The full aquatic sports history of Rhodesia is beyond the scope of this site, which is focused on South African aquatic sports.
Rhodesia - or Southern Rhodesia, as the British insisted on calling it - once included the areas now known as Zambia and Malawi, in what was the Federation of Rhodesia and Nyasaland. Some Rhodesian competitors travelled some 3500 km's from Kitwe in northern Rhodesia to Cape Town to swim at nationals. It participated in South Africa as a sporting province, and occasionally as a foreign country.
Aquatic sports in Rhodesia was initially organised in Salisbury when the Mashonaland ASA was created in 1915, and two months later it joined the South African Amateur Swimming Union (SAASU). A team competed at the SA championships in 1920, where Jackie Brown of Rhodesia won the 100 yards freestyle Championship, and the 1922 South African Championships were held in Salisbury.
The Rhodesian climate helped to created the environment that developed its most famous swimmer - Kirsty Coventry - who was born three years after the creation of Zimbabwe in 1980. Before Kirsty Coventry made the country famous in swimming circles, Natalie Steward (although born in South Africa) swam for Rhodesia in the 1958 Empire Games, and won a silver medal at the 1960 Rome Olympic Games - for Great Britain. Dennis Pearson successfully crossed the English Channel from France to England in 1959, and former Capetonian Marylin Sidelsky competed in the 1964 Tokyo Olympics.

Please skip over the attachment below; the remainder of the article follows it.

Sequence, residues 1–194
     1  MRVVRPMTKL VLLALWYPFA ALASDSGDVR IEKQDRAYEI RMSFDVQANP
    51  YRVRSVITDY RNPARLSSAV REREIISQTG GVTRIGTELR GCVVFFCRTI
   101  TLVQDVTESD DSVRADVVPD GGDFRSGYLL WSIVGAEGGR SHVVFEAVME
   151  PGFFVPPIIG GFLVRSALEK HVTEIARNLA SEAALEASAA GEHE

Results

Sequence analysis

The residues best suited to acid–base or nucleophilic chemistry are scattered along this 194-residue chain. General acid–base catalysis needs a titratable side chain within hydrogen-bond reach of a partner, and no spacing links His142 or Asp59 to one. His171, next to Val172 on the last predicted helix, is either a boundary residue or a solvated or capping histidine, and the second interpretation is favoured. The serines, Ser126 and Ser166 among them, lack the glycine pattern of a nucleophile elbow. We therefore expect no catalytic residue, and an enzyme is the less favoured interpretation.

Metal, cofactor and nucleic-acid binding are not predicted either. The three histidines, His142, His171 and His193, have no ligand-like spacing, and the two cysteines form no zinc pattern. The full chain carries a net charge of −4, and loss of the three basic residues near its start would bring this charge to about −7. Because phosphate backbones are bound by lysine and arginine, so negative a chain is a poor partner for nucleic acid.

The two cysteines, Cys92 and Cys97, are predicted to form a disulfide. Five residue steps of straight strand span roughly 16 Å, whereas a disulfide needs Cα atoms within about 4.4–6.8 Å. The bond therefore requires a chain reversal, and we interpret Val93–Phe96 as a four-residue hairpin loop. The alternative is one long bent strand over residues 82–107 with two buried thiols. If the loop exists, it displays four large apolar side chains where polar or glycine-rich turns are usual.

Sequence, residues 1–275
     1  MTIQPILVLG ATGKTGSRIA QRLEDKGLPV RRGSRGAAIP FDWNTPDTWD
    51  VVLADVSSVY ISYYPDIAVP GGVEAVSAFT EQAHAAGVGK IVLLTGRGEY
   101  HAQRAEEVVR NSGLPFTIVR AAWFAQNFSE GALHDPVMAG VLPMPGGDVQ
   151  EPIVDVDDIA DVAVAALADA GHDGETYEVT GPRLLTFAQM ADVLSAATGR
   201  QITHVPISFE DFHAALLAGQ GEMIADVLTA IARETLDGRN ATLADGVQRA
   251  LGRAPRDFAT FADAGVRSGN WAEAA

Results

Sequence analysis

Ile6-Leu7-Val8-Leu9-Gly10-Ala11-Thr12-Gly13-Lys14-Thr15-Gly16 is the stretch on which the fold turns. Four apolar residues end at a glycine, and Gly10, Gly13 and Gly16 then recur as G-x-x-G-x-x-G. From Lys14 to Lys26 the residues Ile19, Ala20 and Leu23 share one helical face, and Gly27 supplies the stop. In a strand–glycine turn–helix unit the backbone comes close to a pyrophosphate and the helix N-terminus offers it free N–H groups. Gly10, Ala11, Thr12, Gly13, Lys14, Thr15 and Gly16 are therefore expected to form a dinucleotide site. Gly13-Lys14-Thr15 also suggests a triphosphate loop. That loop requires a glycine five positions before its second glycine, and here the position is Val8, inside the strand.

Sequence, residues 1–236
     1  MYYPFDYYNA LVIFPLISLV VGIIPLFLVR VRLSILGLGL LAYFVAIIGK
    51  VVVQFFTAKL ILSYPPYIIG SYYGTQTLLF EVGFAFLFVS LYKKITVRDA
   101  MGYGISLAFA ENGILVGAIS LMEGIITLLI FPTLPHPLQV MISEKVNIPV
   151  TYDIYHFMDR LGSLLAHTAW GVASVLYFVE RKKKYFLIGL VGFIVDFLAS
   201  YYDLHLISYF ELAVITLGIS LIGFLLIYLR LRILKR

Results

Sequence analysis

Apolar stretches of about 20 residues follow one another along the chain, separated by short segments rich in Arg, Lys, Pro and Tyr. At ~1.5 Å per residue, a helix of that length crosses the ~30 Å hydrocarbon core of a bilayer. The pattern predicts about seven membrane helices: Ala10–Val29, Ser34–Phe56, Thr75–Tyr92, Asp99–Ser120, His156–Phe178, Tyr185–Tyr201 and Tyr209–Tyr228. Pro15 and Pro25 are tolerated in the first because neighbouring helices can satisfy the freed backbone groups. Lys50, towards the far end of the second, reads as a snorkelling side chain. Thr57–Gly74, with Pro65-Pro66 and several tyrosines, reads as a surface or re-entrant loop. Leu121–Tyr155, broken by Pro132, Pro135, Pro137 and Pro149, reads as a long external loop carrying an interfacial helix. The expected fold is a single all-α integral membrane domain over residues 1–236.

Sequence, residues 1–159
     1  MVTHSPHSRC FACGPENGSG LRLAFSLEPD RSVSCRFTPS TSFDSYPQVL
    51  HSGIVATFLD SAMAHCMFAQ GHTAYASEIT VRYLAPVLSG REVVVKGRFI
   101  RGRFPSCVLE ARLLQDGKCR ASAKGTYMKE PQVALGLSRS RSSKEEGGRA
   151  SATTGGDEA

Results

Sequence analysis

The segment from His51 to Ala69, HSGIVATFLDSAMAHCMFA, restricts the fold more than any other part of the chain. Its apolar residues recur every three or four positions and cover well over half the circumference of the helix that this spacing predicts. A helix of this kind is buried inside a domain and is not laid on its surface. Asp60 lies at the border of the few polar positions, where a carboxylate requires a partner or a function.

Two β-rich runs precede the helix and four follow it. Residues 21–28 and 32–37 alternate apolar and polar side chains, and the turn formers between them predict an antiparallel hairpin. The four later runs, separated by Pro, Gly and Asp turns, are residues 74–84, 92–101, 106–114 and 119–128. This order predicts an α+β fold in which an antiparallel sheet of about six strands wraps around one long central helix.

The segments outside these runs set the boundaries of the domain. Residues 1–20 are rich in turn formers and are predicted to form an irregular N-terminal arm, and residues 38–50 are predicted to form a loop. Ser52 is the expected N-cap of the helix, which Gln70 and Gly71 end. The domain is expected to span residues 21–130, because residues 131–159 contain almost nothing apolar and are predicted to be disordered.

John Keyter beat world ranked South African Vernon Slovin in the 100m and 200m butterfly at Newlands in 1969. In August 1972 the Rhodesian ASA sent a team to the Munich Olympic Games. On the 22nd August 1972 - 4 days before the event was due to start, the IOC voted to withdraw their invitation - by a vote of 36 for and 31 against, and three abstentions. Although they were allowed to stay and watch! Click here to read more about the international sports boycott against South Africa and Rhodesia.
Swimmers and divers from Zimbabwe continue to take up scholarships at American universitires.
The capital Salisbury was situated in Mashonaland. The area had (and still has) a number of schools with swimming pools, and there were numerous municipal and corporate/mine swimming facilities. Today most of those pools are dead pools.
Umtali was on the border with Mozambique. The main road to Beira and the coast passed through it.
The mining towns of Kitwe, Ndola and others were often on the itenerery of visiting teams to Rhodesia.